Take inspiration from top brands. Facebook can go beyond brand storytelling and customer service, although it’s useful for both. It’s also an ideal platform for crowdsourcing a new product idea, or even customer insights, like Bobbi Brown’s campaign to bring back “retired” lipstick shades, or Lay’s #DoUsAFlavor campaign.

Create and manage Facebook Groups. Facebook Groups are an excellent way to manage relationships for a group, organization or brand.  Consider posting all company/product and interesting industry news, an events calendar, networking benefits to members, and other ways to participate. We have watched the Facebook group for a health technology client of ours grow exponentially by using the “face” of the company to help personalize content and posts.
Let your audience do the work for you. Businesses can connect with thousands or even millions on Facebook with a single click. If posts are provocative and share-worthy, the audience will be happy to do the work for you by liking, sharing, commenting and re-posting to other sites. Figure out what your “friends” like and comment on; and give them more of the same! Additionally, the connections made are that much more personal since people trust their friends and their information, leading to future benefits.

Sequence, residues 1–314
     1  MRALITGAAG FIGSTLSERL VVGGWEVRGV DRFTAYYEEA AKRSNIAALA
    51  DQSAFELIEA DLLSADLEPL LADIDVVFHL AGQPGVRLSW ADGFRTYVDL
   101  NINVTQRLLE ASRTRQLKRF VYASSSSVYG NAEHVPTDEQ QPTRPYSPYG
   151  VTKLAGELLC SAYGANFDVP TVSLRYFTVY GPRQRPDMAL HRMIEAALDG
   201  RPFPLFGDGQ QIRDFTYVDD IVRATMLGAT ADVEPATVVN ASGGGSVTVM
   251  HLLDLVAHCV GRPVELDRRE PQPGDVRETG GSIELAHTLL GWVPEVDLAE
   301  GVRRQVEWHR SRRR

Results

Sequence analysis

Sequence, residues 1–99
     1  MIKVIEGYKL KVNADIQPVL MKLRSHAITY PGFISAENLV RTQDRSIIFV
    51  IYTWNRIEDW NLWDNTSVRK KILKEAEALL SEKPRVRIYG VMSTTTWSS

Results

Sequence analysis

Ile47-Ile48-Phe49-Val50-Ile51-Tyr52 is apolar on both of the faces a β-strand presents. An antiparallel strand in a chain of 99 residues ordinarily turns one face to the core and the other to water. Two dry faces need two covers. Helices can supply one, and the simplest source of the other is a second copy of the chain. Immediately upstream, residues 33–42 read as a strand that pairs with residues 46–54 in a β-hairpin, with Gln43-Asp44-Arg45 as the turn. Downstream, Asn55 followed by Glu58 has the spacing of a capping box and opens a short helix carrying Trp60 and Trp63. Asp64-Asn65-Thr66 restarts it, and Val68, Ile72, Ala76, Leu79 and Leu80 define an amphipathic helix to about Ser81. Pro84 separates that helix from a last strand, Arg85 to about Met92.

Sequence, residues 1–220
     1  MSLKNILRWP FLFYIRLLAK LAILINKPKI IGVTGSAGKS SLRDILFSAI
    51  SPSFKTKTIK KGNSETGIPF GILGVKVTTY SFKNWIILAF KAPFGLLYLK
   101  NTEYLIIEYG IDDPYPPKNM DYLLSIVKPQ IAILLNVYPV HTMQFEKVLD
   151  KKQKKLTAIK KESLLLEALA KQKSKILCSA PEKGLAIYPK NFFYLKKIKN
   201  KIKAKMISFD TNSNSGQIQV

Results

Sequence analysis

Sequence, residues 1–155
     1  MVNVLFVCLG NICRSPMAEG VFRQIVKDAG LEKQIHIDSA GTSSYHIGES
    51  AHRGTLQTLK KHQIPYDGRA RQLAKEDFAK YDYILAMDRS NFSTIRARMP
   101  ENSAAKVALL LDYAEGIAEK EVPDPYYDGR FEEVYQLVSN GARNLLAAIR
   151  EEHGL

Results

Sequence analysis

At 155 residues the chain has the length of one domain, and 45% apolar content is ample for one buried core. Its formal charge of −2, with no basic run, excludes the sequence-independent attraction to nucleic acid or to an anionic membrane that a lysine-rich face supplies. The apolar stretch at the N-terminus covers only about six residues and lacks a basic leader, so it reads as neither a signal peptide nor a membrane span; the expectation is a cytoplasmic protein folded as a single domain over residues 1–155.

Earned vs. paid or both? We believe in maximizing the opportunity of the medium, may the best methodology win! Therefore, post some great visual content – include a provocative question or contest offer –  boost that post and consider advertising around it. Test some very inexpensive Facebook advertising and see what kind of ROI you get. If paid messaging increases brand affinity and purchase intent, while keeping cost efficiencies manageable, we are all for it.

Explore tools that will improve your posts. Whether a brand is looking to spruce up visual content or make social media publishing and scheduling easier, there are some terrific tools to explore. Canva helps the design-challenged create beautiful graphics for use on Facebook or any other social site. Try Edgar to organize and maximize social media updates. Stuck for ideas? Get to know buzzsumo.

Five Ways To Come Up With Great PR Ideas

Much of successful public relations has to do with simply spotting good ideas, and recognizing their PR value. But generating good press for businesses and brands also means coming up with fresh concepts on a consistent basis — especially after the cool new product has been launched, or the buzz from a seasonal campaign has died down. Consider these ways to generate ideas for the times when things threaten to go dry.